I’ve done a little research, and ducklings are, as it turns out, quite easy to care for. They’re social, so they should be raised at least in pairs. They also need a solid enclosure, fresh hay on the daily, and proper amounts of food and water. Eventually, they appreciate a kiddie-pool for swimming in (this should be supervised when they’re very small, lest they accidentally drown). That’s about it. Our fenced, medium-sized backyard would (will) be perfect for this. As to where our ducklings will come from, the petting zoo lady informed me they can be purchased, here in Austin, at a local feed and farm-stuff store, Callahan’s.  I kind of feel badly buying an animal that’s been taken from its mother, though; I’ve always adopted my pets. So I did some additional research and discovered there was a stray duckling at an animal shelter in Dallas in 2009, but other than that, homeless ducks are hard to come by; all of the Texas duck rescue websites I found are now defunct.

To make matters (by which I mean, my longing for a duckling to call my own) worse, there’s now a family of ducks in our neighborhood. They live in the fountain-pond by its entrance. I’ll admit I’ve daydreamed of duck-napping one of the flock, but, all told, I don’t have it in me. So, it’ll either be Callahan’s or an unlikely stray that ends up joining our family. I’ve put the word out among friends (and now you readers), so I’m hoping a motherless duckling appears, right on cue, at our door. If you build it, they will come, right? In the meantime, Aaron still needs some convincing. (He just keeps looking at me funny and saying, “What you want, Taylor, is a baby.”)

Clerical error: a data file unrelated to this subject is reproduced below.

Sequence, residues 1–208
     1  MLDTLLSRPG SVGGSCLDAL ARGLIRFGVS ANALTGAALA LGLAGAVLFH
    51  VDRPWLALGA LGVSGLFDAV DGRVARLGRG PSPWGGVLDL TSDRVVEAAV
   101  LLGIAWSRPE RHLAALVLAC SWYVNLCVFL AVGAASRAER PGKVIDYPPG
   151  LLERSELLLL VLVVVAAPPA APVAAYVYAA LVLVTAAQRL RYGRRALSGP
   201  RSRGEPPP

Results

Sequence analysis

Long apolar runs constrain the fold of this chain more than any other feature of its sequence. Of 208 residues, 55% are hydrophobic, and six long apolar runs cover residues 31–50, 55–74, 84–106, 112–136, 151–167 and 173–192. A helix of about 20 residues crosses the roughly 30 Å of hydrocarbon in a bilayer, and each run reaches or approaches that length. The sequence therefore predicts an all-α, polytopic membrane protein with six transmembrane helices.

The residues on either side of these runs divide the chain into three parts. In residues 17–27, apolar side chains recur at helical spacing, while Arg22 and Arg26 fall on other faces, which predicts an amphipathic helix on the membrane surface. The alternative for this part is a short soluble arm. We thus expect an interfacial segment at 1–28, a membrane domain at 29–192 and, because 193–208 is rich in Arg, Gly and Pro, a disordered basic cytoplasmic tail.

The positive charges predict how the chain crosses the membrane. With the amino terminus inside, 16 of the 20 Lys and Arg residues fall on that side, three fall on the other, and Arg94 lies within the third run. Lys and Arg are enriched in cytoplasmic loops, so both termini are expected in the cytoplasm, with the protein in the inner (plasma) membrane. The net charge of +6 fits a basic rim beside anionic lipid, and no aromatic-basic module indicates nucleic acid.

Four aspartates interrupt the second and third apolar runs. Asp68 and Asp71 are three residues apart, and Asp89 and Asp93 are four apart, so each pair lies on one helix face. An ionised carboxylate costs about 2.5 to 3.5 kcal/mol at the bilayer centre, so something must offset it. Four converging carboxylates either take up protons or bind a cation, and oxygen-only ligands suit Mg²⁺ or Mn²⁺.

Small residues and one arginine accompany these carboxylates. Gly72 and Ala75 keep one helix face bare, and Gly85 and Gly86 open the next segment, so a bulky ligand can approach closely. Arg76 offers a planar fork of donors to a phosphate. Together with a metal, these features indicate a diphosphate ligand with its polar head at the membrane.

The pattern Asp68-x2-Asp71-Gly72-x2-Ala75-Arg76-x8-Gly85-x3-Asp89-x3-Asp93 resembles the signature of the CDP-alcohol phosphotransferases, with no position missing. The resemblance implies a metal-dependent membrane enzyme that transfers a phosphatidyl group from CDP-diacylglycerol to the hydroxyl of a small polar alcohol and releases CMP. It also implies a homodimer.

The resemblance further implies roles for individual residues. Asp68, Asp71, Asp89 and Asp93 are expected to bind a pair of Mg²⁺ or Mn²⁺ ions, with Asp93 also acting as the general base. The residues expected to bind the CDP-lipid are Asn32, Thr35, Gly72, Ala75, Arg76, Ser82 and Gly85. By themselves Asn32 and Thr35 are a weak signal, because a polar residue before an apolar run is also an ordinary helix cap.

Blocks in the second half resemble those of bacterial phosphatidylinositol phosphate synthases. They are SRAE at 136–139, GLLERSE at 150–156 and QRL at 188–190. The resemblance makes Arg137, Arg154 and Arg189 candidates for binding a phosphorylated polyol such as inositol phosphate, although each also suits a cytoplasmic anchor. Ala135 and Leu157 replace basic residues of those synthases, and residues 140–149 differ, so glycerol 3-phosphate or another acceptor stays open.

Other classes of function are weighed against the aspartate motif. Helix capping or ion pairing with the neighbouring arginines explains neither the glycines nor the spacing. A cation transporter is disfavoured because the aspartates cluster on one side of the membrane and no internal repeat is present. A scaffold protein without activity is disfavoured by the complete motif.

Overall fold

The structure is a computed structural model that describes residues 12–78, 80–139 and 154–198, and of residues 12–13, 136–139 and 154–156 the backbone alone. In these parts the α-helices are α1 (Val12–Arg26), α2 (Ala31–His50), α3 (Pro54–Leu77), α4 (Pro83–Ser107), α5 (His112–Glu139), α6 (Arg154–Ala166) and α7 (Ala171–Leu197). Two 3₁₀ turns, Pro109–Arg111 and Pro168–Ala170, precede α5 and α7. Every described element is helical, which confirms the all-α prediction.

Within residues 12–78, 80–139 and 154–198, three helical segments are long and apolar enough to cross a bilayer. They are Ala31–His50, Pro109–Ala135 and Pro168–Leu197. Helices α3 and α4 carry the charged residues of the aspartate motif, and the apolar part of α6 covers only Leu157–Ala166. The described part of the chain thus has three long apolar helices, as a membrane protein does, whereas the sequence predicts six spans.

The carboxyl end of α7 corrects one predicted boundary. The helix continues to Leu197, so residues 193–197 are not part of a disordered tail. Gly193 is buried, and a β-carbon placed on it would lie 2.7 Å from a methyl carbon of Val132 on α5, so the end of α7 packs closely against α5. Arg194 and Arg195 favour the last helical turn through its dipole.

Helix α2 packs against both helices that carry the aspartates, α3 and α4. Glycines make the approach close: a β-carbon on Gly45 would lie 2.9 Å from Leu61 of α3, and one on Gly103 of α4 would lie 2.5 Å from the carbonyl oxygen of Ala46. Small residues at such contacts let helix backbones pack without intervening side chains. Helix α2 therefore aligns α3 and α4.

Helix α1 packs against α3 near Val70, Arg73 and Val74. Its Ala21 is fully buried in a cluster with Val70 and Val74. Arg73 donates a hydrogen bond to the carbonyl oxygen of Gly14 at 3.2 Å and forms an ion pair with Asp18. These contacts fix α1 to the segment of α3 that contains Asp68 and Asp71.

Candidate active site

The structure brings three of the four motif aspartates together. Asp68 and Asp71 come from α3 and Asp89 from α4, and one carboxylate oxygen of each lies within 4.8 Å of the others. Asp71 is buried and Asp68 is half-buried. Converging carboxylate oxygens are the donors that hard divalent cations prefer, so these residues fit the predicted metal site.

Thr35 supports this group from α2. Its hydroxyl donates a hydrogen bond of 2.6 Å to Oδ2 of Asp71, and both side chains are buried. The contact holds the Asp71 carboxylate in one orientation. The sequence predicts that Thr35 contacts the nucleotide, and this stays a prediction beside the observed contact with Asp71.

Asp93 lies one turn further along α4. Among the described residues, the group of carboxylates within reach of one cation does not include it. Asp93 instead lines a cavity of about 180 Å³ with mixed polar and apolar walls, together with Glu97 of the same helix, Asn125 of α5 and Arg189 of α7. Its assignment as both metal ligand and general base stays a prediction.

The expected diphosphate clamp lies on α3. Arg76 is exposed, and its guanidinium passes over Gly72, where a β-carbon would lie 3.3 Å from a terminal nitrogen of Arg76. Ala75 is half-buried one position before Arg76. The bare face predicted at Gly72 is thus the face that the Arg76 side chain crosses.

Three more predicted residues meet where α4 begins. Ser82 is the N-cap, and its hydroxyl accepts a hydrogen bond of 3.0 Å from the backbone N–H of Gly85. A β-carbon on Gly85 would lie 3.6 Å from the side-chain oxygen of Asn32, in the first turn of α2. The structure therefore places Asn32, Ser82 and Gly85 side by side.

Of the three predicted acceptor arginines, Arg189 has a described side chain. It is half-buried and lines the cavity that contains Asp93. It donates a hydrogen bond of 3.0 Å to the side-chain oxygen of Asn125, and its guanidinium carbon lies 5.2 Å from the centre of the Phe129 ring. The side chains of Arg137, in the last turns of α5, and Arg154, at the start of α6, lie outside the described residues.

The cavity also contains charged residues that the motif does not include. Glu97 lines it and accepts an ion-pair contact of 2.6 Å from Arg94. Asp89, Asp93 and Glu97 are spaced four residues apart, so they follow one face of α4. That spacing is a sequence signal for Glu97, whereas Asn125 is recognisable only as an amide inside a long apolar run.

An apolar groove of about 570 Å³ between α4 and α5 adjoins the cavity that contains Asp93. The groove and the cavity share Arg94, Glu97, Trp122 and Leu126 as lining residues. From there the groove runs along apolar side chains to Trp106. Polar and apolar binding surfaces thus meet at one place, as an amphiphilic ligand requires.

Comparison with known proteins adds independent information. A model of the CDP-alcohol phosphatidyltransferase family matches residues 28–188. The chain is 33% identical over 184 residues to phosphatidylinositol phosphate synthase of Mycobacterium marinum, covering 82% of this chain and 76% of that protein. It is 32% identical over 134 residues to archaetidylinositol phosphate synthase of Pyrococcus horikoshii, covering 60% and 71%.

My friend Brooke feeds her sweet baby V (2 Months)

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Watching Thomas, after playing outdoors. (Why NOT be naked?)
CSA carrots.
I got a new camera this past week and, as I figure out how to wield it, thought this a good time to show you around Kaspar’s room. I’ve been meaning to give you the grand house tour, now that —eight months after moving in—we’re finally beginning to feel settled in our new home. We’ve been slowly chipping away – as we do with everything, now that we’re rolling family style – hanging artwork, purchasing furniture, and figuring out what goes where. We place a high priority on creating a home environment that facilitates the way we live, which is very much in the midst of each other; thus, creating spaces that are adult and child-friendly has been the name of the game. Kaspar’s room, however, is Kaspar’s very own environment. It’s pretty much complete, at this point, though it’ll surely change as he grows; I took some tips from the Montessori philosophy and kept it streamlined, bright, and conducive to both independent and cooperative play. So come on in. Let’s break it down.

This (above) is the view from Kaspar’s doorway—it’s the wall (and ceiling things) above his bed. I considered hanging photos but instead went with an instructional origami crane wall decal by husband-and-wife design team NouWall. The ceilings in our home are luxuriously high, which makes the rooms feel more open; in the interest of capitalizing on that vertical space, I also hung a pendant paper lamp and some colorful Tibetan prayer flags. These draw the eye upward, deliver a little dharma influence and also, I think, evoke a touch of festive birthday-party-esque décor.


The shelving (above) in Kaspar’s room is directly inspired by shelving in Montessori classrooms (open, eye-level, made of wood). I scored some empty wine crates from a local vino shop and affixed their bases to the walls. Actually, Aaron did the affixing— this room’s been a team effort; I should give the dadman some cred! Kaspar’s toy vehicles live on one shelf, and his wooden play-food on another. A small display shelf from Maple Shade Kids helps keep small toys from getting lost (and does a bit of displaying—we rotate family photos in the little monkey photo stand).